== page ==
I routinely SSH to my home desktop, where an instance of Emacs is always running, to work from e.g. a bus, or a queue to the doctors', etc. Since I'm normally working on my desktop, which runs GUI Emacs, when I SSH in I have all my files and processes opened as I left them, and I can pick up working via interface that's 99% indistinguishable, sans the smaller screen size.
How will it make Emacs not a text program with a GUI component?
With Emacs? Oh, it’s perfect!
This may have a payoff for maintainers. If they can convince enough of the core developers to join them or build a large enough community. If their theory is right it's easier to develop and maintain Rust code than C code and if it makes more people happy we may see remacs able to forge ahead with more/better features, faster than upstream emacs.
But from my experience with projects like this it's going to take them a long time to catch up and then someone down the line is going to have to make the decision about whether to break from upstream or to follow it.
I am curious if there are specific things about elisp that you dislike.
I find python very expressive.
When I work in elisp, I seem to find it cumbersome to do many of the mundane things, like using a local variable, and if/then/else with multiple statments, loops (continue? break?), oo stuff, etc.
a contrived example:
(setq foo 10)
(setq foo 20)
foo = 10
foo = 20
That's, frankly, because you don't know the language. It doesn't take much to learn it, though, and lisps tend to be similar, so you'll learn a bit of CL and Clojure at the same time :). I would similarly struggle with Python, for a short while at least, if you sat me in front of PythonMacs.
Your example could be rewritten as:
(cond (condition (setq foo 10)
(t (setq foo 20)
Lisp has a slightly different style of writing than in Python, which yields comparably tight and readable code... and then you can use macros, which Python doesn't have, dynamic binding, which Python doesn't have either (and while a pain most of the time, they're a life-saver in some cases, and the type of code you write for a text editor has lots of those).
Elisp isn't a bad language. It can handle all the stuff Python does and then some. I get the preference for syntax you're already familiar with, but individually, it might be worth it to just bite the bullet and learn some new syntax. If that's your first exposure to Lisp, then it'll be especially rewarding, for all the "code is data is code" and "code that writes code that writes code" enlightenment that comes with it.
Maybe I was trying too hard to use "if" as common ground in my contrived example. I generally use if for simple conditions and cond for multiple conditions (python would use elif, and has no case statement).
But in the same vein, your example doesn't look like python, at all :)
The point of my comment is not to put down elisp, but instead to say that the translation of ideas in my head to working code seems to go smoother for me using python than lisp, both reading and writing.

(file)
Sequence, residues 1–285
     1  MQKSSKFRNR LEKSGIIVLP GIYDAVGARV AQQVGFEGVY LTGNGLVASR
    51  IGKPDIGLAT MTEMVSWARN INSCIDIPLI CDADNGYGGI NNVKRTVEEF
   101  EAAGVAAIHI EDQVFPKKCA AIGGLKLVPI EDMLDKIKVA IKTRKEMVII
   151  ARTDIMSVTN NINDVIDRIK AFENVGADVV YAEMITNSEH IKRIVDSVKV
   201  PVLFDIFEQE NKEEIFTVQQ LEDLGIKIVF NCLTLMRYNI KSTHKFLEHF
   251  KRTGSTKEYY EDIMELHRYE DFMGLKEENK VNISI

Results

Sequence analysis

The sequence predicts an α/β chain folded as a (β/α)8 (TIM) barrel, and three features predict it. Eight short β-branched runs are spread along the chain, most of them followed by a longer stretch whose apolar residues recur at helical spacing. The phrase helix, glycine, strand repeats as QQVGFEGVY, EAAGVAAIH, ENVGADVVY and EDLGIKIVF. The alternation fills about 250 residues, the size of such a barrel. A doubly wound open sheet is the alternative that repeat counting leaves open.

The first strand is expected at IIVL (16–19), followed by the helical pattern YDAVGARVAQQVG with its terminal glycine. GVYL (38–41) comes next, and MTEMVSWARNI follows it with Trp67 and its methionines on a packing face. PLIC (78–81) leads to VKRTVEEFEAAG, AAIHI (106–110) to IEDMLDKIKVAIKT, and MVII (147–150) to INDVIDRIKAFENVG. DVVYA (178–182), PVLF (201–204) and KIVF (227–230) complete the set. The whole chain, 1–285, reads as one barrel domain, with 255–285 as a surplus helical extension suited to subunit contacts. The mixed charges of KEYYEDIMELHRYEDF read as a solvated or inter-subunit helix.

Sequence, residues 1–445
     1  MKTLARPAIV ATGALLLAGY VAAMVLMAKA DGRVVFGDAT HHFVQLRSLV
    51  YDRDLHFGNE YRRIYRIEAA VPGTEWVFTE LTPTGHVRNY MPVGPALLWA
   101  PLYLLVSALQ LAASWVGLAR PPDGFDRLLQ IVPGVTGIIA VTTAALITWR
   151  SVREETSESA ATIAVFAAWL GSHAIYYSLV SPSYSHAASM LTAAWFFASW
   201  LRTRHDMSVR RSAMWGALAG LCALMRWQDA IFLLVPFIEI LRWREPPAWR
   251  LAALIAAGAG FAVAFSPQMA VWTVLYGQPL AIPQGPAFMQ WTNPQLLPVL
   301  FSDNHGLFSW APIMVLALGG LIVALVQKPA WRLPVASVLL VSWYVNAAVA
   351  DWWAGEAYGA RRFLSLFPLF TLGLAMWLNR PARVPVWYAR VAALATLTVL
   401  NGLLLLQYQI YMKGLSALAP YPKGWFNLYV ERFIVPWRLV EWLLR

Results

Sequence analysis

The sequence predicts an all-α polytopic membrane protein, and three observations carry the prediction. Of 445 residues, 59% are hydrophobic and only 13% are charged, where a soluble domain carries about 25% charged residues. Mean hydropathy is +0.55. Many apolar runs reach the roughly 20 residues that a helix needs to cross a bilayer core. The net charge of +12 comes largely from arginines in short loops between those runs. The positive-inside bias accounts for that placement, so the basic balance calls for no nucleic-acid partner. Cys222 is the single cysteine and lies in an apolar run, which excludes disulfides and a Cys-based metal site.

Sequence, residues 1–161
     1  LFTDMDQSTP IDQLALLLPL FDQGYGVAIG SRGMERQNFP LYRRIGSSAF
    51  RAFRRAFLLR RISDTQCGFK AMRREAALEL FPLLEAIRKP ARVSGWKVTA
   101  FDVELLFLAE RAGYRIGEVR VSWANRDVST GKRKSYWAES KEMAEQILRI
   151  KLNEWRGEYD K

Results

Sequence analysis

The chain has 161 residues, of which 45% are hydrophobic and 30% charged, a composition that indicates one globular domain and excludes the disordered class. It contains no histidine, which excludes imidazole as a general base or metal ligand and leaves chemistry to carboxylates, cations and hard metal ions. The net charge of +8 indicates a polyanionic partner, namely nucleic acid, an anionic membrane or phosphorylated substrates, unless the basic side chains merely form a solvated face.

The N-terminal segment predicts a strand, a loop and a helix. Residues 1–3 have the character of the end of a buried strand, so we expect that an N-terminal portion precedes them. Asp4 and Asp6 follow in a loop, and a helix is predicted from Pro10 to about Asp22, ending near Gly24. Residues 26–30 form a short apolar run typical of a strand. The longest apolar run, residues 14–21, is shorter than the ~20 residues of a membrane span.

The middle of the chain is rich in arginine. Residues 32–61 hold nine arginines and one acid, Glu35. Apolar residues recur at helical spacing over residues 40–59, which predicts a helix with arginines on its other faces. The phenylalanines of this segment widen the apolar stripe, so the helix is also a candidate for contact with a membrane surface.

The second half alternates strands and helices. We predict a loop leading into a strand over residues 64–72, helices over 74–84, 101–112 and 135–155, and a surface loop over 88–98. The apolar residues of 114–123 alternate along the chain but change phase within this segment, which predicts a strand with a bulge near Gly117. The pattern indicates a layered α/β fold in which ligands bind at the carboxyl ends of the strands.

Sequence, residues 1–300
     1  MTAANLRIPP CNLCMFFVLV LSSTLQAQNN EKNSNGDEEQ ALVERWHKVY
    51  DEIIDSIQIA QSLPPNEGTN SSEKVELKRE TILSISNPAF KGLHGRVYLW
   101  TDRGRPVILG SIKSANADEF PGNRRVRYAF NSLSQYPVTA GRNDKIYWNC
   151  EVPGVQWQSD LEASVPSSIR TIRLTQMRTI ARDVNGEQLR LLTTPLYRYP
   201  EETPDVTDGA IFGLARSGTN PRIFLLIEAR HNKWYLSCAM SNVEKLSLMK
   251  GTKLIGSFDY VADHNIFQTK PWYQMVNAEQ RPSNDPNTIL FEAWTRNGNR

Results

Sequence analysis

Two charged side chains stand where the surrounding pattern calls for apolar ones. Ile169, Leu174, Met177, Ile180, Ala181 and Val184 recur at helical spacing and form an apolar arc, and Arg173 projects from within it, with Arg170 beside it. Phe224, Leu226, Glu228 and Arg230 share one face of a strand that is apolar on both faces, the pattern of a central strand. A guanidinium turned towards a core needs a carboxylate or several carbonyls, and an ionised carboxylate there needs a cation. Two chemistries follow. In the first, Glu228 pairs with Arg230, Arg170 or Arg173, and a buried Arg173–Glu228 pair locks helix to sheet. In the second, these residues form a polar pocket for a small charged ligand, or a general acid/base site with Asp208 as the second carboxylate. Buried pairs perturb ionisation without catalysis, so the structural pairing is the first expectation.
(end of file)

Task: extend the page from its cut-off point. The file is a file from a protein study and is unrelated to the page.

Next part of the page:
mysorted = sorted(mydict, key=lambda t: t['Price'])
Not surprisingly, I have not had to maintain large blocks of elisp. I have had to deal with chunks of python from folks, and I just can't find it a language that is pleasant. Certainly not stable. Though, I am probably tainted in the whole python 3 debacle.
Maintaining someone else's code is always a challenge, no matter what the language.
The only elisp I've maintained are my startup files, ~4000 lines.
I will say that the emacs elisp/C code is really special because you're always a meta-. away from checking out every editor function.
(setq foo 10)
(setq foo 20)
This isn't a port at all. It represents a more major bifurcation than does even a traditional ‘fork’. It's very imprecise use of language.
You have a project. You want to change one thing about it, and as little else as possible. If you're porting to platforms maybe that's pretty easy these days, porting to languages is harder and you'll have to make more incidental changes along the way.
Emacs' C is already largely written in a high-level, macro-rich style to deal with Lisp objects (tagged pointers). So Rust already gives wins there w.r.t. more explicit types and From/Into impls over macros.
And over the last couple weeks there has been discussion about replacing xml.c with a native Rust backend for XML parsing.
But I’m much more comfortable with ML than with C; What do you see that is magic?
I suppose the “Same(x)” thing caught me by surprise―dunno, though, if it's built-in magical syntax or again something OOPy: in Python, ‘Some’ would likely be a class implementing a special method ‘__match__’.
Some is an enum constructor that’s in the prelude, so it’s just automatically imported. It’s a library type, nothing specially built into the language.